By Morris Wyszogrod
During this memoir Morris Wyszogrod recounts his stories from the time of the Nazi invasion of Poland to the liberation of the Theresienstadt focus camp in 1945. He describes intimately the time he spent within the Warsaw Ghetto; his paintings as an artist for varied Luftwaffe team of workers on the Warsaw army airport; his reviews on the Budzyn focus camp, the place he used to be assigned to accessorize the dwelling quarters of the SS and to supply drawings at an orgiastic Oktoberfest; his elimination to Plaszow, the place he used to be positioned to paintings digging up mass graves and burning the our bodies to get rid of the proof of Nazi battle crimes; his witnessing of the firebombing of Dresden in February 1945; and his next liberation at Theresienstadt via the pink military in could 1945. simply as an artist could check in what he or she sees opposed to a delicate visible and ethical template, so Wyszogrod doubly registered what he observed and felt, either in his drawings and in his thoughts.
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Extra info for A brush with death: an artist in the death camps
People were streaming out of their houses into the streets. We tried to listen to the news on our small crystal radio but the sounds from Hoycher Moyshe, Tall Moshe's candy store across the street drowned out the earphones. He had turned the loudspeaker of his store radio toward the street so we could all hear Polish Radio announce that war had broken out and mobilization was under way. Certain age groups were told to report immediately for military duty. A few hours later, Page 26 posters with the same information appeared.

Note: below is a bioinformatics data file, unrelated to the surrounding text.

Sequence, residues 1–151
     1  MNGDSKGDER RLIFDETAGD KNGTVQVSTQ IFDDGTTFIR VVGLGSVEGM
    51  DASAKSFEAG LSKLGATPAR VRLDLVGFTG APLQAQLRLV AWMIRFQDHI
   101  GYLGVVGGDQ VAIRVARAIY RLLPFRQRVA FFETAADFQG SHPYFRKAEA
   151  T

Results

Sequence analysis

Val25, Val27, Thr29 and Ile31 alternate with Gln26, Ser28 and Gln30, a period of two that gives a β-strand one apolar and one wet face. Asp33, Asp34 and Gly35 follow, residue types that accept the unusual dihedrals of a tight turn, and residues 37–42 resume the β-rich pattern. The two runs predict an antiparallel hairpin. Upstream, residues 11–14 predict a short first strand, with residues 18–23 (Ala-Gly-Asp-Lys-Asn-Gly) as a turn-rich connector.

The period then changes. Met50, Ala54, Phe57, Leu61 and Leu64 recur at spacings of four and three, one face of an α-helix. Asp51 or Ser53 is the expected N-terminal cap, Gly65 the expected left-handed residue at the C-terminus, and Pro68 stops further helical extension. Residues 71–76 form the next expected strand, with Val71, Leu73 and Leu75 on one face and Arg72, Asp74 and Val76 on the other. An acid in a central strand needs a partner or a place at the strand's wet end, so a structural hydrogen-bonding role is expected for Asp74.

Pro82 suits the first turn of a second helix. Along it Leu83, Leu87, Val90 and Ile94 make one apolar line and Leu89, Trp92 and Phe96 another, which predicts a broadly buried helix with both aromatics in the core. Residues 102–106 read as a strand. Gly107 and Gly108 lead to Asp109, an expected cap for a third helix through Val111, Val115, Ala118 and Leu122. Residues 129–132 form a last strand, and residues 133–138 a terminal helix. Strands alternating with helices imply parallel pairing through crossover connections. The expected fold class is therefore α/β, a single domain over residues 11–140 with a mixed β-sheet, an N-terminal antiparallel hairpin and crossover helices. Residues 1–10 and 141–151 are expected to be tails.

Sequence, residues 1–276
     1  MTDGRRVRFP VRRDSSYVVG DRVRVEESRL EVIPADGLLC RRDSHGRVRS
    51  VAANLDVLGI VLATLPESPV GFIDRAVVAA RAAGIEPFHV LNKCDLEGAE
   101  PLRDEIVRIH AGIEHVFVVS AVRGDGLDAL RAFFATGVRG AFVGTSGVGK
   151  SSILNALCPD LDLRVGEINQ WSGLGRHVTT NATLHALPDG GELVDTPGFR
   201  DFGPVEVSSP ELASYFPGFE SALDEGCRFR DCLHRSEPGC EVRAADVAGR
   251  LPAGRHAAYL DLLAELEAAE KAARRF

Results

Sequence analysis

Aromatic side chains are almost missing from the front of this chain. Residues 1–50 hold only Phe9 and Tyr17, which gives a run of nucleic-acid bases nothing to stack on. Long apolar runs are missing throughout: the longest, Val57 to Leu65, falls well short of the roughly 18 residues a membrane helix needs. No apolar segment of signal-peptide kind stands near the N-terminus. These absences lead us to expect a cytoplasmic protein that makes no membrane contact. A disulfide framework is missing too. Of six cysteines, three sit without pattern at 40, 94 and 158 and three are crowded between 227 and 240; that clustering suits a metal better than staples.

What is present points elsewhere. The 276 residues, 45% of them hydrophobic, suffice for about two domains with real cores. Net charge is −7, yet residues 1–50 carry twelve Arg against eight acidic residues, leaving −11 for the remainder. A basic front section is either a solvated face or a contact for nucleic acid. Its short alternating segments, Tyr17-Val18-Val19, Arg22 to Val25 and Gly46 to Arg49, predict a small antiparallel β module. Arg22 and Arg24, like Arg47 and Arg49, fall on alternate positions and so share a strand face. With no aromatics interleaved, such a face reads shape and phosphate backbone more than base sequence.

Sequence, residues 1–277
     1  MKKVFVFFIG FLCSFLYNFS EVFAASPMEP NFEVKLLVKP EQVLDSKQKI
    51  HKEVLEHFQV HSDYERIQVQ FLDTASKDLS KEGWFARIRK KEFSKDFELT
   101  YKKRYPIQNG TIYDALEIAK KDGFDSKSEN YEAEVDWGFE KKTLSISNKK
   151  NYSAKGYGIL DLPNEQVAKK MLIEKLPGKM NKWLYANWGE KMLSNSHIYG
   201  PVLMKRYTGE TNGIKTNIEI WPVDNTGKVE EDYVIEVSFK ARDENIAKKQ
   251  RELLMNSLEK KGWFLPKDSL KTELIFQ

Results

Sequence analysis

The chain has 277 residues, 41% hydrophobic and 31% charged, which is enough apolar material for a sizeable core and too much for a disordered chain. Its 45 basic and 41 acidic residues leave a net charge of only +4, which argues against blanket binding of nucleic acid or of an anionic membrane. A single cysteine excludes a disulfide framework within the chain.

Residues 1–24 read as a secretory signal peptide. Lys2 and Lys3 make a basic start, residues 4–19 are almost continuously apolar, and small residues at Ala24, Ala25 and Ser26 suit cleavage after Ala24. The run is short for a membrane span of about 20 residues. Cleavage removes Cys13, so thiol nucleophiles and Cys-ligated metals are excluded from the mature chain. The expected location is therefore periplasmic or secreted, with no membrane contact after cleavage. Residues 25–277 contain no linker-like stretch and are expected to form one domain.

We thought it would be safer there because surely the Germans would respect the sanctity of a church and not bomb it. (And in fact, the church did survive the war. It witnessed the destruction of the entire Jewish ghetto, and the destruction of Warsaw in the 1944 Polish uprising. ) Toward the late afternoon, we came back to our own apartment and decided to stay there. Whenever the sirens announced another air raid, we would rush down to the basement of our building. ) The building was owned by three Jewish partners, Ber, Kirszencweig, and Wajnberg.
Whenever the sirens announced another air raid, we would rush down to the basement of our building. ) The building was owned by three Jewish partners, Ber, Kirszencweig, and Wajnberg. Wajnberg lived just below us on the second floor with his three sons and two daughters. ) Sometime during those first weeks of the war, we set up a prayer room in the Wajnberg apartment. We thought we would be safer on a lower floor if a bomb hit the building. But, two weeks later on Rosh Hashanah, when the Germans targeted the Jewish sector with particularly heavy bombing, we had to stop praying there as well and run down to the cellar.
A brush with death: an artist in the death camps by Morris Wyszogrod